flavorings and flavor enhancers that may be animal based;
and animal fats, among others. The same is true of restaurant
food. Items that are typically vegan, such as rice,
may be cooked with chicken boullion, salad dressings
may contain cheese or other dairy products or be thickened
with gelatin, pasta and rolls may contain eggs, sauces
may contain beef broth, and so on. It's important to
ask detailed questions and explain your needs precisely
because veganism is foreign to many people in food service.
Depending on the establishment, the chef may rise to
the occasion and be willing to prepare a special vegan
dish, so be sure to inquire about this if there is nothing
suitable on the standard menu.
Vegan clothing, shoes, outerwear, and
accessories are either plant-based or synthetic. Vegans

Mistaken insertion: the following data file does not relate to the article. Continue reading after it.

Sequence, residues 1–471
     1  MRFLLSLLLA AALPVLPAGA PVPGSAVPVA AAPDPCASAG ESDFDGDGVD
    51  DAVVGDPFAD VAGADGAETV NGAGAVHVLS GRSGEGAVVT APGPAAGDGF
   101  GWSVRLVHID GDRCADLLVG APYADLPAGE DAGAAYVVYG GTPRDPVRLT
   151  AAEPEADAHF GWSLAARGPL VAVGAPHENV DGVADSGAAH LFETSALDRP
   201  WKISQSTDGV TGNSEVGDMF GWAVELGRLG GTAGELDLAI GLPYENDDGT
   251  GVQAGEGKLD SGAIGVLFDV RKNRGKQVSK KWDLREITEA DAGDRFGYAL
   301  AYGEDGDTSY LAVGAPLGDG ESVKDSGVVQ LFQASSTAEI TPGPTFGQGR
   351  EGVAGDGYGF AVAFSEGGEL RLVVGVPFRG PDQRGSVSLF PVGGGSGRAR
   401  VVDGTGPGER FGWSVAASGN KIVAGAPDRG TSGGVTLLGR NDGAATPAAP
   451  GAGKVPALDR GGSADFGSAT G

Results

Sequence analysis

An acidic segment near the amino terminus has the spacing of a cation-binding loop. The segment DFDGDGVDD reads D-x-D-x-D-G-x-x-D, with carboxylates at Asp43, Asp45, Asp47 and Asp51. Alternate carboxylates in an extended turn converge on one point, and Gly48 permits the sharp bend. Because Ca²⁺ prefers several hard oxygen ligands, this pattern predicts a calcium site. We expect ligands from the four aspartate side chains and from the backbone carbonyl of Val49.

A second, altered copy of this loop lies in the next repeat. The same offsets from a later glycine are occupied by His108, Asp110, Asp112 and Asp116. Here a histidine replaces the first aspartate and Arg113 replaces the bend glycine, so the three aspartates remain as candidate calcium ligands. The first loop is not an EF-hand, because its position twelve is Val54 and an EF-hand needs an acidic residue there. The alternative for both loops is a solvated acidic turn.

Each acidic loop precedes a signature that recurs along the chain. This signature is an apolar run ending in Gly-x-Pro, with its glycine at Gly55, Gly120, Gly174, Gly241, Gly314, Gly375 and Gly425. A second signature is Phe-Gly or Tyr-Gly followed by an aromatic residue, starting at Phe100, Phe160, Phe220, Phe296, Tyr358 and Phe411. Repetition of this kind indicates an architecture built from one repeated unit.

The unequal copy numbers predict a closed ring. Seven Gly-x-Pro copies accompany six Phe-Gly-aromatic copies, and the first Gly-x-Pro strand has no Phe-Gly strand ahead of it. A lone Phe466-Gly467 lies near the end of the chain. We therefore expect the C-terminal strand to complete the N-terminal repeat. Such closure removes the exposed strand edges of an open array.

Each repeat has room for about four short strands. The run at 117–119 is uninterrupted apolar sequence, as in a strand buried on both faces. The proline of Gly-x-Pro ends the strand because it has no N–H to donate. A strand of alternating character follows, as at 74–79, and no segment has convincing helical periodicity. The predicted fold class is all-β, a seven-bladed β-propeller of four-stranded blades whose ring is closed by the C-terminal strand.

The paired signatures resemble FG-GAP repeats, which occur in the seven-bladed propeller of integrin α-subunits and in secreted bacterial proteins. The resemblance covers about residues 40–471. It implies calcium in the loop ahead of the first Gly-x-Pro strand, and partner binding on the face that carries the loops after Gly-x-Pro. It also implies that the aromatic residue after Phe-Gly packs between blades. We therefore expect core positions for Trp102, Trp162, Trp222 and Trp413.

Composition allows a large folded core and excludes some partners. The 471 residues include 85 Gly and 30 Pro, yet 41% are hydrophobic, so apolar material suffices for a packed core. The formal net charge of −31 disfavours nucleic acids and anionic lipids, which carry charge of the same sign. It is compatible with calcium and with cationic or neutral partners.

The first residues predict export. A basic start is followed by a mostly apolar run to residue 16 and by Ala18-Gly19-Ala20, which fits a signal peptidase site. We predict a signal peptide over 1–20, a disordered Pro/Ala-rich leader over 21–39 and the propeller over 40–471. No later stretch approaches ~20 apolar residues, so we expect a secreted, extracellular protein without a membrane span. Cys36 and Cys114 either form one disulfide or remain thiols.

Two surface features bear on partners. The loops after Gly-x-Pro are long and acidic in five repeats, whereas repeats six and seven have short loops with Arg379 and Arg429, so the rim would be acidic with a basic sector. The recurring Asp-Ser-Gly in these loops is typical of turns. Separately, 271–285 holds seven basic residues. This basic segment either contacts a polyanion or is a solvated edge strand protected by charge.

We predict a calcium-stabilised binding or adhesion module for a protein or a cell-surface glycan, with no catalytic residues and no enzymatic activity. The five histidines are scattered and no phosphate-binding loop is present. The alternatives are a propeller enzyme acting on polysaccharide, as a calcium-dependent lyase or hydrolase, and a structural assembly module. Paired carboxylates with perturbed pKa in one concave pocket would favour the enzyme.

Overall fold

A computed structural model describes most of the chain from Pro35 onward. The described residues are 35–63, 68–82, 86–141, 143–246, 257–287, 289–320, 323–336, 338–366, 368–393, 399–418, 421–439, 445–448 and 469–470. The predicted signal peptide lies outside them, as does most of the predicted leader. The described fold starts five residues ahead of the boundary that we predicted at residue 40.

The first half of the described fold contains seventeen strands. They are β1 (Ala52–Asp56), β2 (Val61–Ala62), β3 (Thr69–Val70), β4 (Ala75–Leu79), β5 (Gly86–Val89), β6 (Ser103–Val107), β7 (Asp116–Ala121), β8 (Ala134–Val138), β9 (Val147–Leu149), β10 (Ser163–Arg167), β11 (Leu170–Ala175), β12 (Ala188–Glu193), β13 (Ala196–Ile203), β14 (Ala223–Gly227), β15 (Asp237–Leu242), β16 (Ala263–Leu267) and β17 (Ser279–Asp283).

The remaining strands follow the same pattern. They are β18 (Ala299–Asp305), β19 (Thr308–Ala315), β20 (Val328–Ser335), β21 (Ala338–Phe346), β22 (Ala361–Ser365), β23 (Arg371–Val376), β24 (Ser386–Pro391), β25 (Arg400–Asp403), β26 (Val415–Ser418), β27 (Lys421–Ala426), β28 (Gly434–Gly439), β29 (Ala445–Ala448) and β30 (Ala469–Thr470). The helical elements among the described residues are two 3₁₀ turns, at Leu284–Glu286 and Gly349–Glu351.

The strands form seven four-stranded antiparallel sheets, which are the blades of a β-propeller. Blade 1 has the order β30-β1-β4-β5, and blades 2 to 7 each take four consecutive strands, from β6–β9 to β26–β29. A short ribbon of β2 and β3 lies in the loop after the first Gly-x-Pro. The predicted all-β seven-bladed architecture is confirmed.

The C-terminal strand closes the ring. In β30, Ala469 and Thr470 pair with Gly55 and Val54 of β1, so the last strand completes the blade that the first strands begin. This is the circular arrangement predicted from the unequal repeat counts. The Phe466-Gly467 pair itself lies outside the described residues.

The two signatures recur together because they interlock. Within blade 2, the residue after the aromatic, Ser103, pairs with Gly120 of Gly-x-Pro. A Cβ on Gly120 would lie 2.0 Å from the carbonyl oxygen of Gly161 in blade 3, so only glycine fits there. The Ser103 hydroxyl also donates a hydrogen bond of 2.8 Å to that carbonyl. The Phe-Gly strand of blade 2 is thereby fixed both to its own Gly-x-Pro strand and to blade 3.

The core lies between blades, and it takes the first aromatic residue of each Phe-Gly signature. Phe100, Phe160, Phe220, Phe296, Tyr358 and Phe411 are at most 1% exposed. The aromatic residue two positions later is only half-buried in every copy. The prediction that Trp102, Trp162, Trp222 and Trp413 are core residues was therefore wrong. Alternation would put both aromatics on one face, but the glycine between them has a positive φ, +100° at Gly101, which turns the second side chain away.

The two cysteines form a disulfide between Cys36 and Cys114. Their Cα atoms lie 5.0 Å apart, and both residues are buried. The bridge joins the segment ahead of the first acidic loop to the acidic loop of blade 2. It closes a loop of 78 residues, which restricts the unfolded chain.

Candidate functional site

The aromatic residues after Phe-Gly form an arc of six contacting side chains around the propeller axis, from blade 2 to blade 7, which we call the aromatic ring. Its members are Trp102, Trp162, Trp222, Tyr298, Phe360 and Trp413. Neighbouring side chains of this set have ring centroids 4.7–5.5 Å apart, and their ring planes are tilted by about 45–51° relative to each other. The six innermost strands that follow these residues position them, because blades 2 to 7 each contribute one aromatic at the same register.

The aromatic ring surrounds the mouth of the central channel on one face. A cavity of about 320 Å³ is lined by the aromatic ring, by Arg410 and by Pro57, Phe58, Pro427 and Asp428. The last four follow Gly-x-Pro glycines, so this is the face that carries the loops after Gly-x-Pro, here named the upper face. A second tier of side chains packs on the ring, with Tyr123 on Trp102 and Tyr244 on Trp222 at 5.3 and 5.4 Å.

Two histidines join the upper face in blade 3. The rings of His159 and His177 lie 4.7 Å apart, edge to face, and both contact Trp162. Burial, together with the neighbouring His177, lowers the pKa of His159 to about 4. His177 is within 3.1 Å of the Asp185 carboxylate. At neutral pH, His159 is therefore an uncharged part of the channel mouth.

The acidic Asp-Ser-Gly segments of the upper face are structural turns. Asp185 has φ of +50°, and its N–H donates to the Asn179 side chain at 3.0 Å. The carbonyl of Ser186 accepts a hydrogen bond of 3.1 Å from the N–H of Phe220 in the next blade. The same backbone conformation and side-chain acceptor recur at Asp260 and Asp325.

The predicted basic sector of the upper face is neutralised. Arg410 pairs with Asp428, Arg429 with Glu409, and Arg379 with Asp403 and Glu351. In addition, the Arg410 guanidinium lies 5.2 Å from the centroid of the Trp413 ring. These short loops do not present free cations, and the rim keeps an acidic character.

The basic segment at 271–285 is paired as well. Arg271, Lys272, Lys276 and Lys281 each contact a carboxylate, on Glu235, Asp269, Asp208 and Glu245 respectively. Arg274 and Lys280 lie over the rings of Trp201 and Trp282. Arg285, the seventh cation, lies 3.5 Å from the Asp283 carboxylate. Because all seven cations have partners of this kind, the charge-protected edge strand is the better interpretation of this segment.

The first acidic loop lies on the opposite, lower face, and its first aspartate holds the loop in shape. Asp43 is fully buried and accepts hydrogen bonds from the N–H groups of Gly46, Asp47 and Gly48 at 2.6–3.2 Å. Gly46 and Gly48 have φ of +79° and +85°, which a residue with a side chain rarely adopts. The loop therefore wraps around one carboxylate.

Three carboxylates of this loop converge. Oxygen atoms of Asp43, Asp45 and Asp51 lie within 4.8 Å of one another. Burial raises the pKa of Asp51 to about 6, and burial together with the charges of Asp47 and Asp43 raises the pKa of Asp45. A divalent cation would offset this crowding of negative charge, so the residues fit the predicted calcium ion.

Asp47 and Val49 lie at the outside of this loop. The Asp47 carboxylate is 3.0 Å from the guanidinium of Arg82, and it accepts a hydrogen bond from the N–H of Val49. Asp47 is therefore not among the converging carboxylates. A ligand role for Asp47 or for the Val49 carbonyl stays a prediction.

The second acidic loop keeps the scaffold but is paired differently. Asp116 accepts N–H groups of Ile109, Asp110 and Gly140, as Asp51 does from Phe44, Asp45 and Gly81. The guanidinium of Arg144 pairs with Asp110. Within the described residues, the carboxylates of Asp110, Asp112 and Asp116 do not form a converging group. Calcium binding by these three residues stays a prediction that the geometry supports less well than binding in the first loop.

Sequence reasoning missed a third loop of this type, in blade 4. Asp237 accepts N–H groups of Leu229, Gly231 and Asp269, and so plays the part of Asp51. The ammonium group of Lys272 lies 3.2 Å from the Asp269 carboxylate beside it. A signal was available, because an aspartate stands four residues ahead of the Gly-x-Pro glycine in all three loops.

do not wear or use leather or the skins, fur, feathers,
shells, or secretions of any creatures. Therefore, vegans
eschew wool, shearling, down, mohair, cashmere, silk,
pearls, and other products of pain, suffering, or death.
Fortunately, there are readily available
compassionate alternatives for virtually any food, wearing
apparel, cosmetics, or personal care and household products,
so vegans need not feel deprived of familiar comforts
and conveniences. Nonetheless, the commercial and industrial
use of animal derived commodities is incredibly pervasive,
so much so that it is impossible to live a perfectly
vegan life if one desires to remain part of our larger,
albeit imperfect, culture. There are animal products
in tires, making cars, buses, and even bicycles nonvegan.
Animal products are used in plastics, making computers,
telephones, and other communication tools unvegan as
well. Home insulation and building materials, glue used
to bind books and nonleather shoes, medicinal tablets,
photographic film, many musical instruments, and more,
frequently contain by-products from the animal slaughter
industries. Thus, trying to avoid all items that contain
even minuscule amounts of animal-derived constituents
could drive a person berserk.